Environmental Study Derails Wicomico Land Donation

SALISBURY – Officials in Wicomico County this week rejected a 234-acre land donation after an environmental study revealed potential pollution issues.

On Tuesday, the Wicomico County Council voted to reject a 234.67-acre land donation from Connelly Mill Associates LLP.

The property, located next to the Henry S. Parker Athletic Complex and within the City of Salisbury corporate limits, is valued at $1.06 million and consists of wooded parcels and two borrow pits that serve as future stormwater ponds.

The county has until Dec. 29 to transfer the property based on a contingency outlined by the landowners. In November, however, the council agreed to table the resolution to accept the land until further environmental studies could be conducted.

As requested, county staff and representatives of John D. Hynes and Associates came before the council on Tuesday to present the findings.

Untra Solar Group Advertorial

Weston Young, assistant director of administration for Wicomico County, told the council a Phase I environmental report of the property indicated four potential environmental concerns.

On the site, crews found buried weather stripping, debris – which included a burned out car and a deteriorating recreational trailer – and backstops associated with the City of Salisbury’s firing range.

“We learned that the fire range had been there over 50 years and wasn’t always contained,” he said. “Some of the deputies we spoke to remember going through trails and shooting at pop-up targets, so that is something to keep in mind.”

Young also said old aerial photos indicated that structures existed on the property, which leads to concerns about underground sewer systems.

“In summery of the Phase I … if that was all we had we would recommend additional tests and additional time,” he said. “However, as part of this we did a limited Phase II.”

In that additional study, Young said three water samples were collected at the east, west and central portions of the property and tested. He explained arsenic, chromium, lead and nickel found in the samples exceeded acceptable levels.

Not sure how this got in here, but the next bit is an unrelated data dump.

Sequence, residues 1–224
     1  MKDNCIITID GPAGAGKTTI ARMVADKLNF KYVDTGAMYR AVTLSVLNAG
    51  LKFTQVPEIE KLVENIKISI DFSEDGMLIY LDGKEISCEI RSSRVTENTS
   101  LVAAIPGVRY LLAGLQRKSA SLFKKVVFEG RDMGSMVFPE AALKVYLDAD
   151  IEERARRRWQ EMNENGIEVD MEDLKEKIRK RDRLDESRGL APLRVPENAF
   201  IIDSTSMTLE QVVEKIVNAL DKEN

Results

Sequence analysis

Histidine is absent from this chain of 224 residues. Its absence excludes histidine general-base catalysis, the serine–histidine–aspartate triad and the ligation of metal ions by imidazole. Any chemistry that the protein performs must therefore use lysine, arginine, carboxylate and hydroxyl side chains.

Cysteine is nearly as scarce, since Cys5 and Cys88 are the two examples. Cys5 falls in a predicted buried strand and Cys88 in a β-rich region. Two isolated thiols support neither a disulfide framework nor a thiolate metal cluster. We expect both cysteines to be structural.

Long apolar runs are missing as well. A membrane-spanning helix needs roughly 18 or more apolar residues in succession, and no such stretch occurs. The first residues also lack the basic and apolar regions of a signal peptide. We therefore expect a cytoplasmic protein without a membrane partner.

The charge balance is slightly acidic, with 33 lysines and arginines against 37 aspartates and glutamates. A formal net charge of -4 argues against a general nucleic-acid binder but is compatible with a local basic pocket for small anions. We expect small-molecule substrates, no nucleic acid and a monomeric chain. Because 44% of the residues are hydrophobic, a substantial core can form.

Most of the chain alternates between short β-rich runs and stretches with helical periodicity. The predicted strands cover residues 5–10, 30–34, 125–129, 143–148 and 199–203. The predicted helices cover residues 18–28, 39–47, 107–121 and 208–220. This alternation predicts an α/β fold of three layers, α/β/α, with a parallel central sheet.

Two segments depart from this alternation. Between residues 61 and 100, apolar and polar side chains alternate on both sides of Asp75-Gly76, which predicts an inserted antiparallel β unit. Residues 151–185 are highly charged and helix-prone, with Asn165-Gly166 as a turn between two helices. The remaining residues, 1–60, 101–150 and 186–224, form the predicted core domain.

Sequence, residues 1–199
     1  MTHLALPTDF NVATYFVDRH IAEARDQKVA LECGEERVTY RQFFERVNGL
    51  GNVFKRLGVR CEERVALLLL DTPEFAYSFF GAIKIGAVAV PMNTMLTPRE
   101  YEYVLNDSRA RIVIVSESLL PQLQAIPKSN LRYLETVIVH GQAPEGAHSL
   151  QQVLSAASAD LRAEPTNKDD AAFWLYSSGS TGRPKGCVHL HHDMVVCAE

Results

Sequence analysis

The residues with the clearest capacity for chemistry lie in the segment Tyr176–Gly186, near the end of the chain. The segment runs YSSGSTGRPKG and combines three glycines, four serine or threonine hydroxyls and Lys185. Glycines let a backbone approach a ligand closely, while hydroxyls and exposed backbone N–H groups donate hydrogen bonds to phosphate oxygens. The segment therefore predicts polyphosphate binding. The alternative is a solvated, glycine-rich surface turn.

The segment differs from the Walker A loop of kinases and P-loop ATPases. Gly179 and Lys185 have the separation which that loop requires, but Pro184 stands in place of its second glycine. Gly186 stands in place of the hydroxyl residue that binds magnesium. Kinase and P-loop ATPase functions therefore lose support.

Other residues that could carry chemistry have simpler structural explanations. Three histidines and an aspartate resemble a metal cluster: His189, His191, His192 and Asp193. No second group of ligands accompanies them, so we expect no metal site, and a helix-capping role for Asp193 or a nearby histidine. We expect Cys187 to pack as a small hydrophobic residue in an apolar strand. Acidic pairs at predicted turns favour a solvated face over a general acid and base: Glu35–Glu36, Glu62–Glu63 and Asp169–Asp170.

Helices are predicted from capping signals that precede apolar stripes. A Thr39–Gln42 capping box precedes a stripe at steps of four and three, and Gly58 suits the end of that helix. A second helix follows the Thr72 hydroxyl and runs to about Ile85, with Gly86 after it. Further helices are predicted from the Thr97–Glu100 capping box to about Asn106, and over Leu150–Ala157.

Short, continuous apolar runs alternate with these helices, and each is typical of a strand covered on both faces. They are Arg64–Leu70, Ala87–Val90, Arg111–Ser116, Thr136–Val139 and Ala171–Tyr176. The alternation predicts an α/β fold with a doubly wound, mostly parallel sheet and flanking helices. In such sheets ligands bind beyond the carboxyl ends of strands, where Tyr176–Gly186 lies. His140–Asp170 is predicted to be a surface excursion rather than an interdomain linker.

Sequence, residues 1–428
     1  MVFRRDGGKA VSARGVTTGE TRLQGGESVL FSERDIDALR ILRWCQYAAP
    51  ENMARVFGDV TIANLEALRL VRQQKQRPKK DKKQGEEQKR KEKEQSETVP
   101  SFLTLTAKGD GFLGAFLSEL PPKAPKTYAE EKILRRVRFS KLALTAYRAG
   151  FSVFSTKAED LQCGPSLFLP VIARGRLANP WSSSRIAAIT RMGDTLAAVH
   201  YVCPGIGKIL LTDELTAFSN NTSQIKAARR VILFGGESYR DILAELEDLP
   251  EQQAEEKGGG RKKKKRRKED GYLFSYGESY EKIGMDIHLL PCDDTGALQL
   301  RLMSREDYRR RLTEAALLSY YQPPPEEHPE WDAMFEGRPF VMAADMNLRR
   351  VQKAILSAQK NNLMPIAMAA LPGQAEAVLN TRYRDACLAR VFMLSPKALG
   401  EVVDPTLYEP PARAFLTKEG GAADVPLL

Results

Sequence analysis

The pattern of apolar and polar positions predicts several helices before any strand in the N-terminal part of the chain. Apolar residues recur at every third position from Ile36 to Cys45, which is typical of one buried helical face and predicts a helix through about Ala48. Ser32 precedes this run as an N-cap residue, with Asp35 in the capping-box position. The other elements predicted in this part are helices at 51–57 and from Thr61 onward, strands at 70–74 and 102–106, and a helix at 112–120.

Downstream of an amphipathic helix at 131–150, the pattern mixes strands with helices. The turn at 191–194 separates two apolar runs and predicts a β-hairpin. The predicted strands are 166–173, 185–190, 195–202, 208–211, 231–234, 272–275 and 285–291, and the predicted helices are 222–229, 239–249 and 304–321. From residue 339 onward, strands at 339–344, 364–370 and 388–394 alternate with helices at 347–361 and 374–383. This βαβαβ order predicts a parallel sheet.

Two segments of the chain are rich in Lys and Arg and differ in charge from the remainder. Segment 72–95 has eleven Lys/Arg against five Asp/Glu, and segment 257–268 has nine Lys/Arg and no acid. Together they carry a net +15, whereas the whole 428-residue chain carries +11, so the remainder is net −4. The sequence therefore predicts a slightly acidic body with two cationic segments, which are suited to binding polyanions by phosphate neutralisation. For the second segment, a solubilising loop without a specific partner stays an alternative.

“If we were to accept this donation, further study would be required before we make an ultimate decision …,” Young said. “The executive’s office is uncomfortable with accepting the donation based on what we’ve seen.”

Young told the council, however, that the landowners would extend their offer into 2018 if the county covered their $18,000 tax bill. If the county were to accept the land donation, Young said further studies would be required to determine the source of the pollution and correct the problem.

“This wasn’t the news we wanted to hear on the site because the site has potential,” he said.

Councilman Larry Dodd expressed his hesitation for accepting the property.

“I’m uncomfortable accepting if we had to use the taxpayers’ money to clean it up,” he said. “I would like to see all of this addressed before we have a vote.”

Councilman Marc Kilmer questioned the cost of the cleanup.

Rich Rhoads, manager with John D. Hynes and Associates, said the cost and timeframe for the cleanup would depend on how far the pollution extends.

Councilman Joe Holloway questioned how far the county executive’s office would go to accept the property.

“How much are they willing to spend … to acquire this property?” he said. “Is it time to wash our hands of it and forget it?”

After further discussion, the council voted 6-1, with Councilman John Hall against, to reject the land donation.

About The Author: Bethany Hooper

Alternative Text

Bethany Hooper has been with The Dispatch since 2016. She currently covers various general stories. Hooper graduated from Stephen Decatur High School in 2012 and the University of Maryland in 2016, where she completed double majors in journalism and economics.